I got these searching for 'low volume production' and 'design for low volume production'.  Any native - 'Americans' am I using the wrong term to find US results?

 

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RE: Design for Manufacturability & Assembly at low production volumes

You'd expect a one man consultancy to do better than that.

JMW
www.ViscoAnalyser.com

 

RE: Design for Manufacturability & Assembly at low production volumes

Sorry I don't have any specific suggestions. I was just thinking what industry would combine the need to care about DFMA and low volume.

As other have said simply have a well defined set of preferred internal and external processes is the starting point. Then it all gets down to communications between design and the guys down the line in manufacturing. One thing that low volume usually means is that you can not sacrifice service for assembly (easy to assembly but hard to take apart). It also does require knowledge of the processes used to make the parts so they will come out right.  Reuse and flexible designs become very important as they allow low volumes to ad up.

RE: Design for Manufacturability & Assembly at low production volumes

"the Manufacturing director basically said well now you design folk have been trained we won't need manufacturing engineering to do the analysis or even to do the analysis etc. "

Sigh.  BTDT.  We did a major redesign of some sheet metal weldments, incorporating "self tooling features", i.e. tabs and slots, and alignment dowel pin holes.  All without involvement from the weld shop; who found the extra holes a pain, as they routinely ended up leaking and needing repairs.

Search terms sound right, Kenat.  Maybe "low-rate" production?

RE: Design for Manufacturability & Assembly at low production volumes

Ugh.  Yeah, sorry, Kenat, shoulda remembered where I heard the term before.

RE: Design for Manufacturability & Assembly at low production volumes

It's an excellent topic, I too have gone through the DFMA mantra from executroids at numerous companies I've consulted at.  The phenomena really seemed to take hold as a clumsy by-product of 3D CAD: otherwise skilled designers that just hadn't built obscure, complicated assemblies, ended up creating stupid assembly nightmares.

Same experiences as mentioned, BoothroydDewhurst flacks, software installed, used maybe a few times then forgotten.  At several companies the only leftover exercise was an MTBF spreadsheet.

At numerous companies the common, workable solution was unanimous: in place of analysis a thorough, repeated design review process including smart manufacturing engineers whose recommendations are both required and actually enacted.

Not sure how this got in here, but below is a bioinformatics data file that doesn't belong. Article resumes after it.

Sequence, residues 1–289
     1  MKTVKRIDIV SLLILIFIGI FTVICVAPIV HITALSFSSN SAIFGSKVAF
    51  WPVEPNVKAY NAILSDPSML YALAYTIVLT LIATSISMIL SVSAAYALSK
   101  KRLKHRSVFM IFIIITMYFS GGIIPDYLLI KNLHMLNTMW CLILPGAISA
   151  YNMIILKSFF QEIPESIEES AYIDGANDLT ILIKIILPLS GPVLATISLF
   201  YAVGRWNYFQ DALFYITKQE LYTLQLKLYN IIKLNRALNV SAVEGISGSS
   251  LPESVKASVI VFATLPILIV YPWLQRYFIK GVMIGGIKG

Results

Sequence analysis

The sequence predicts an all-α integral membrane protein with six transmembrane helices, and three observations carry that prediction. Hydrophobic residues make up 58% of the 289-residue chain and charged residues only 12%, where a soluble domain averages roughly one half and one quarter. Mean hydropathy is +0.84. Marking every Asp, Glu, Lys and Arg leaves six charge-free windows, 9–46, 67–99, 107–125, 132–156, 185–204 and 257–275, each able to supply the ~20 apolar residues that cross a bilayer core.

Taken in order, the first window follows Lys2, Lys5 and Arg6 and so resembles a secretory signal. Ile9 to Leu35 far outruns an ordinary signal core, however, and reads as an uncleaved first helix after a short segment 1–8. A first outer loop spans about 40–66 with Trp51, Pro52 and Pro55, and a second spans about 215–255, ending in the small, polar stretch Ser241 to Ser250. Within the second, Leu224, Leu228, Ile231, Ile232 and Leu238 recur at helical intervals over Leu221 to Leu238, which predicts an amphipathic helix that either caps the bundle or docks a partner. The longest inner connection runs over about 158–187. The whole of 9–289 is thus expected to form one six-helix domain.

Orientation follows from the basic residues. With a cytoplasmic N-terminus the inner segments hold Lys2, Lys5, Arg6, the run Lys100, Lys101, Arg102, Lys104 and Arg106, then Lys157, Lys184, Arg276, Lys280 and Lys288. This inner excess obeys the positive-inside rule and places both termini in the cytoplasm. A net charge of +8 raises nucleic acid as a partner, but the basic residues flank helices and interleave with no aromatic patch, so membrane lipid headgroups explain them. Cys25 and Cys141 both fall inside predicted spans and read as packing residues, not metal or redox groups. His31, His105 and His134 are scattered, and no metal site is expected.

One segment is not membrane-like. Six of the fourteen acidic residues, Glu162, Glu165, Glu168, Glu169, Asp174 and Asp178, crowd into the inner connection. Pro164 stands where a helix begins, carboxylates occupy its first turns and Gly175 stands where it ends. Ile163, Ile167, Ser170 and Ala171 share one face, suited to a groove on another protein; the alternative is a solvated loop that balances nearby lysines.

Other's have mentioned many good tips.  I used the mantra of tool access with my designers including requiring some actual mockups to prove accessability, often with cruel surprises.

Specifying torque values on most fasteners ended up being one of the best rules.  Ensuring proper hardware depending on accessability and chance of disassembly: thread cutting vs. rolling vs. screws into inserts or nuts.

Working out service routes very early on - cables, pneumatics, etc. - and constantly checking with their owners on suitability of routing and mounting and being very specific.  This trick did discover that indeed certain cable or tube required rerouting when forced discussion on the specifics.

Being aware of load paths, especially on electrical assemblies as E-engineers have no concept and often end up with massive cantilevered loads.

RE: Design for Manufacturability & Assembly at low production volumes

Quote (pierdesign):

...

Same experiences as mentioned, BoothroydDewhurst flacks, software installed, used maybe a few times then forgotten.  At several companies the only leftover exercise was an MTBF spreadsheet.

...

   What does the software actually do?

   I am working with people who are rigidly process driven.  If you installed the software, they would operate it, and refer to the resulting process as DFMA.  Does the software generate improved manufacturability, or does it just generate a report that we are supposed to think about?

               JHG

RE: Design for Manufacturability & Assembly at low production volumes

Like KENAT I wasn't enthused, and after a little bit I was zzzzzz.

The best I remember a report is generated itemizing number of unique assembly steps and time to complete.  You can run what if analyses.  I seem to remember parallels with FEA: analyze a bracket and you can get good results, analyze entire assmebly and results are more difficult and less conclusive, unless you have a specific target.

My information is old.